“laid bare” – The term suggests a judicial inquiry through which the Lord will ascertain all deeds of humanity and judge accordingly (see John 18:38; 19:4). As noted by one early Church Father, “But you know that the day of judgment is already coming as a blazing furnace, and some of the heaves will dissolve, and the whole earth will be like lead melting in a fire, and then the works of men, the secret and the public will appear” (2 Clement 16:3).

 

B. God’s Call to Seize the Time (vv. 11-13)

v. 11 – A recognition that a future judgment will occur motivates us to live holy lives. In fact, Peter stresses that such conduct is not optional. As noted in 1:3, a life of godliness needs to be actively pursued.

v. 12 – Unlike the false teachers who undermine and seek to eliminate the notion of a future judgment, believers are to wait expectantly for this future hope. The term “hope for” speaks of a firm expectation or a sure confidence.

How exactly are believers to “hasten” the coming of the Day of the Lord?

Peter reiterates the reality of what awaits this present creation (vv. 7, 10; also, see Isa 63:19-64:1).

Note that “the command to live holy lives in the middle of v. 11 is framed on each side by the assertion that the present world will be destroyed by fire” (Schreiner, 391).

v. 13 – The promise of a new heavens and a new earth resounds throughout Scripture. Isaiah 65:17 states: “For I am about to create new heavens and a new earth; the former things shall not be remembered or come to mind.” This present system, with its plethora of injustices, pain, suffering, and sin, will be eradicated (e.g., Isa 60:21). This future abode is home for righteousness of God (1:1) and for those who have been transformed (1:3-4).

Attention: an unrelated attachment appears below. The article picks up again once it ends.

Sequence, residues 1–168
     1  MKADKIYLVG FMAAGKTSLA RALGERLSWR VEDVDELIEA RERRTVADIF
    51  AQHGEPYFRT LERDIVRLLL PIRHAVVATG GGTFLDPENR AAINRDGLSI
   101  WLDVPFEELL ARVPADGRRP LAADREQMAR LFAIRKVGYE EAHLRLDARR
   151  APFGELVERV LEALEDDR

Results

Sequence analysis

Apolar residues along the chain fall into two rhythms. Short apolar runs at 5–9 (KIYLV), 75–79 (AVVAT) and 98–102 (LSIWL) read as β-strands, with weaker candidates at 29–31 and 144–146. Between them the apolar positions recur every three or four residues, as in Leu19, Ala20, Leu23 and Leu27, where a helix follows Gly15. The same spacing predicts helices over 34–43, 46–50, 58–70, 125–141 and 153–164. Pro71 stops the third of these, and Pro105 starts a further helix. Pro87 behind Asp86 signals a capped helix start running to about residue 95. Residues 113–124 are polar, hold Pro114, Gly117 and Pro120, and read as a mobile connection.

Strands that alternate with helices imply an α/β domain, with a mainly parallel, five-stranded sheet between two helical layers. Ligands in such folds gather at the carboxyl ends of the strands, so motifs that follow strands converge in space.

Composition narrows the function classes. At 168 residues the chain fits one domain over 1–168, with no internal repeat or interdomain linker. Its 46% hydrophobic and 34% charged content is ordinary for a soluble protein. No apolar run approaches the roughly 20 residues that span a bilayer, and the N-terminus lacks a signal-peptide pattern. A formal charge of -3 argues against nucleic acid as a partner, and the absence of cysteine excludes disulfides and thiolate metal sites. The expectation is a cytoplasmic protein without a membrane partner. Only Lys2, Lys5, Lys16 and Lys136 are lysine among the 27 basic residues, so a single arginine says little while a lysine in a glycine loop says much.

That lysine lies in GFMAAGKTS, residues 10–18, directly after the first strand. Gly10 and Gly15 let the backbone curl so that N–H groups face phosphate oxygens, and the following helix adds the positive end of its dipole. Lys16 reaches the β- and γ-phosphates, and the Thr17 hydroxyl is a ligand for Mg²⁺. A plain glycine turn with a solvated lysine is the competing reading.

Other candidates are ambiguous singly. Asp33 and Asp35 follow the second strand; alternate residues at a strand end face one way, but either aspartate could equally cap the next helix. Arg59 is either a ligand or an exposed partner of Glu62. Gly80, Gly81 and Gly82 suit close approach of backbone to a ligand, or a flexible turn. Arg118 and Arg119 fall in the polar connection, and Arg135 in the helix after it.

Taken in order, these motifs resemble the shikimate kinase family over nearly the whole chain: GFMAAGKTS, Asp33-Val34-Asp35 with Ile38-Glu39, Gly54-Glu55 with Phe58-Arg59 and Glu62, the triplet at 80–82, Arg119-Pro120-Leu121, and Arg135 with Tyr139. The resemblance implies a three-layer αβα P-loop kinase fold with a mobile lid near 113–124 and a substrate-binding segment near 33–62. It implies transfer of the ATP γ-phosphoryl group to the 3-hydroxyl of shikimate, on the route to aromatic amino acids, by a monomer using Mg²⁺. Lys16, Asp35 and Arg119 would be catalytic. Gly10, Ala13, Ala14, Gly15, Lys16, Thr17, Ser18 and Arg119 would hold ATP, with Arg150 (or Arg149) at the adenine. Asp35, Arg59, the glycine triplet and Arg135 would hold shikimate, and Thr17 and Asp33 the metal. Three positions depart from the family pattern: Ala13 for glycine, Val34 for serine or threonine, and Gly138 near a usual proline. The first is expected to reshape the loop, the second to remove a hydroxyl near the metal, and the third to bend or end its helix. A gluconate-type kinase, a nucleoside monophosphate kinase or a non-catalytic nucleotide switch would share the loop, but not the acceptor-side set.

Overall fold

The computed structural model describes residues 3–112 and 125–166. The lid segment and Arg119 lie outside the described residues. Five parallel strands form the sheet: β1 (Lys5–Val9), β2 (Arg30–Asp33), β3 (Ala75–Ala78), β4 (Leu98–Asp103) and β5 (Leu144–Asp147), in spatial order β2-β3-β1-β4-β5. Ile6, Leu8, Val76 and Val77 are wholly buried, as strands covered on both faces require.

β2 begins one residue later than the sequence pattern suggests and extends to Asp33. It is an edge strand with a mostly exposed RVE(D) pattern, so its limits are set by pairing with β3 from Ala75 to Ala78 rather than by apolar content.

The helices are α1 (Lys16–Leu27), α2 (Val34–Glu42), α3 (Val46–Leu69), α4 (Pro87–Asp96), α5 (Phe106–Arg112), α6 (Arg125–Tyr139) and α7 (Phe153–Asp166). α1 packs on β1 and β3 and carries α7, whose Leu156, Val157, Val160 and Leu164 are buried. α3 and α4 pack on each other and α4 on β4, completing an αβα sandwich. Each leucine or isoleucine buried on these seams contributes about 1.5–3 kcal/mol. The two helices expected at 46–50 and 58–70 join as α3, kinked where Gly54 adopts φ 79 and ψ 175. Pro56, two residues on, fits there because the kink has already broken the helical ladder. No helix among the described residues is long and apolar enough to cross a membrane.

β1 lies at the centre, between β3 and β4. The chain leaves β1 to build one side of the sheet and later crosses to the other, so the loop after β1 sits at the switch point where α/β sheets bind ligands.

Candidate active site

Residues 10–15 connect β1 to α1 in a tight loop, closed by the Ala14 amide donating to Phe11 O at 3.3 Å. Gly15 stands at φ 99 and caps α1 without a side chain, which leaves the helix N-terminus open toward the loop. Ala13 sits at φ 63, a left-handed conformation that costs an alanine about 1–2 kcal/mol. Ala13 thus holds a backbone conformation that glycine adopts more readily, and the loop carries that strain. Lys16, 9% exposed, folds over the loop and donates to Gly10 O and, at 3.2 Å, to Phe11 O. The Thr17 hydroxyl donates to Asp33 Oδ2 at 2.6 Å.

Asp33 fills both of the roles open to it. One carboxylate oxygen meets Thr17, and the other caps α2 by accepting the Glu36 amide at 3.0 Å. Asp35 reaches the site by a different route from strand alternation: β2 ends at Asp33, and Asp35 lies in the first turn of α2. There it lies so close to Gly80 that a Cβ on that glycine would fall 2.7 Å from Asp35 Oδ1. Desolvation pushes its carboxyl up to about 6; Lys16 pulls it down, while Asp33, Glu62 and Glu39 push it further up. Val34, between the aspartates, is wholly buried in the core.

One biblical scholar writes, “A promise is a word that reaches into the future, creating a bond of obligation on the part of the one who gives it and of expectation on the part of the one who receives it . . . that our mighty Creator should have bound himself to use his power fulfilling promises to us-‘very great and precious promises,’ as 2 Peter 1:4 puts it—is one of the wonders of biblical religion” (J. I. Packer, Rediscovering Holiness, 229).

 

III. The Intersect

A.  Unlike the unbeliever who asks where is God, believers have the opportunity to enter into the presence of the divine King via worship.
Psalm 95:1-5 –

B.  Eschatology, or the study of end times, is not speculation. Rather, it is motivation—motivation to live lives that please God. The stakes are real, and they are high!
Matthew 6:10 –

C.  The Lord’s desire that all should come to repentance should encourage us to be salt and light in this world.
Matthew 5:13-14 –

 

“History, says the Bible, first and foremost is definitely under the control of God. It is not the out-working of blind forces and unseen powers that have no rhyme nor reason.” ~ D. M. Lloyd-Jones

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For further thought . . .
Based upon our study this morning, I invite you to spend some additional time this week reflecting on the following:

Frequently throughout Scripture, the study of end times or eschatology leads to a discussion of ethics. Look up these following verses and see how we should be living in light of Christ’s imminent return.

2 Corinthians 11:2 –

James 1:27 –

1 John 2:15-17 –

Matthew 25:31-40 –